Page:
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Milwaukee Brewers sign Zack Godley to minor league contract, per report

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He’s pitched parts of six seasons in the big leagues.

MLB: Boston Red Sox at Baltimore Orioles Evan Habeeb-USA TODAY Sports

It is still about two weeks before the start of the 2021 MLB regular season, but the Milwaukee Brewers already find themselves a bit on the short side in terms of their starting pitching depth. Their projected rotation to begin the year is still intact, but they have suffered some notable losses on the front-line of their reserves — Dylan File will be out until midseason after surgery, Alec Bettinger has dealt with a sore elbow during camp, Zack Brown has had a sore shoulder, and Thomas Jankins is shut down with a flexor strain. The club will need to fill innings in Triple-A Nashville at some point and have someone prepared to make an emergency start if necessary, so today Zack Godley was added off the open market to help weather the injury storm:

Godley, who turns 31 in April, was a 10th-round pick of the Cubs back in 2013, got traded to the Diamondbacks in 2014 and was in the majors the following year in 2015. His best seasons came during a two-year span in 2017-18; he posted a 3.37 ERA across 155.0 innings in 2017 then was a 15-game winner in 2018, with a 4.74 ERA but a 3.82 FIP in 178.1 innings. He’s largely struggled the past few seasons, though, posting a 5.97 ERA in 92.1 innings split between Arizona and Toronto in 2019 before limping to a 8.16 ERA in 28.2 innings for the Red Sox in 2020.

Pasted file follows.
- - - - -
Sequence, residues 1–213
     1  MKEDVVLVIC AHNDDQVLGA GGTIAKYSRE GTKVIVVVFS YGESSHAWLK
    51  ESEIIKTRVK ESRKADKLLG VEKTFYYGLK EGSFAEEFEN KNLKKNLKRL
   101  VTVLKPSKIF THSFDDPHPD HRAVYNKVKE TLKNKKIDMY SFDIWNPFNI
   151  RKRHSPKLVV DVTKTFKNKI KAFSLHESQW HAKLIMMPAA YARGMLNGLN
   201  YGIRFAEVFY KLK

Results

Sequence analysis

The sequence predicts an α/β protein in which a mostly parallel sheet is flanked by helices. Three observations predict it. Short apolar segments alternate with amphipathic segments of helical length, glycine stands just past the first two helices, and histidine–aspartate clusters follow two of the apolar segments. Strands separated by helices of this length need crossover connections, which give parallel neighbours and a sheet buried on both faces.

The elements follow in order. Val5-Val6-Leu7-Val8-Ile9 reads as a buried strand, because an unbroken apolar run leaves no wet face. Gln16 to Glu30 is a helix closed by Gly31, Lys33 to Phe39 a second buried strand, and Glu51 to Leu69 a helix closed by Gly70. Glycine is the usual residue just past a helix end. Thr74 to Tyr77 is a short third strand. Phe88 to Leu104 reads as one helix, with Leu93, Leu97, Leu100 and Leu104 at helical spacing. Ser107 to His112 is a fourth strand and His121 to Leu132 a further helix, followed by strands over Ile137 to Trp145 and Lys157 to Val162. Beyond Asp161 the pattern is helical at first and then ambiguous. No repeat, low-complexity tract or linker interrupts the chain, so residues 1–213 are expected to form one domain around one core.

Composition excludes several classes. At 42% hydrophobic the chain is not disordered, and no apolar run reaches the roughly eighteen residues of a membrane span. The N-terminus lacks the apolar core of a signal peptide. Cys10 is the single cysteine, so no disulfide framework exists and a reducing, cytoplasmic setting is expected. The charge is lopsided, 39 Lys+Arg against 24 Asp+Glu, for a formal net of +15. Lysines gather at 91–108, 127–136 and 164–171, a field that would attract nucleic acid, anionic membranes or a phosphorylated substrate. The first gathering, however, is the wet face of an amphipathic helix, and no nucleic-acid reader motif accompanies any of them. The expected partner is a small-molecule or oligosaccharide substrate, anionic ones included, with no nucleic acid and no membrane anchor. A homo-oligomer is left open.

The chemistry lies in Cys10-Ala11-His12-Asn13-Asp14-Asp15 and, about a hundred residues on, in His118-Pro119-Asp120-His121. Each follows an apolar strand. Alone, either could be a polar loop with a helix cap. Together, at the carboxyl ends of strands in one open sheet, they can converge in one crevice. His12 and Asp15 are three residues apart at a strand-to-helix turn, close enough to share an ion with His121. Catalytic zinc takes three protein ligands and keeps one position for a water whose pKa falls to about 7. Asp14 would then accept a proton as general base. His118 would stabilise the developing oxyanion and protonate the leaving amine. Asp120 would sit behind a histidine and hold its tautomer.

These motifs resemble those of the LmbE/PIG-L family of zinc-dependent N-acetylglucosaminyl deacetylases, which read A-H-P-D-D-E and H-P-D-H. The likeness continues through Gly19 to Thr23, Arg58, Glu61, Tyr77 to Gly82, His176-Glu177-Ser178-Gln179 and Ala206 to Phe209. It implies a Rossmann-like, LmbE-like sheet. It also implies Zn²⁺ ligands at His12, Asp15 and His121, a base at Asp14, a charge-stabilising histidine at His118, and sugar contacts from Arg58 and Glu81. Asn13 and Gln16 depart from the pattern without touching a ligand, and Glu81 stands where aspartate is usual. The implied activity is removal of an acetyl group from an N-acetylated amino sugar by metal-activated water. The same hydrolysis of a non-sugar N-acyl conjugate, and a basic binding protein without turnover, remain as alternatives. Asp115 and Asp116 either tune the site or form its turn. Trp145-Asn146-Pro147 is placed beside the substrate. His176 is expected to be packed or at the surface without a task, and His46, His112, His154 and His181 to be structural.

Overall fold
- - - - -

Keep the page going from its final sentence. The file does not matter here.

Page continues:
Godley has never been a particularly hard thrower, typically in the 89-91 MPH range throughout his career while relying more heavily on a sinker and cutter than his four-seamer. Godley’s primary pitch has actually been his curveball during his time in the big leagues, which is extremely fun; he’s thrown the deuce between 38-42% of the time in each of the last three seasons. It is generally a plus pitch for him, though last year batters tagged him for a .333 average and .588 SLG against the Uncle Charlie.

Godley battled a flexor strain himself last season but threw a showcase a few weeks ago for some 12 teams and proved that he’s now past that issue. He’ll get a Mid-May opt out with the Brewers if his services don’t end up being needed at the big league level. He’ll earn a modest $800K base if in the majors with another $800K of incentives possible. As things stand now, Brandon Woodruff and Corbin Burnes are set to start the first two games of the regular season, with Adrian Houser, Brett Anderson, Josh Lindblom, Freddy Peralta, and (technically, still) Jordan Zimmermann in the mix for the final few slots.

Statistics courtesy of Fangraphs and Brooks Baseball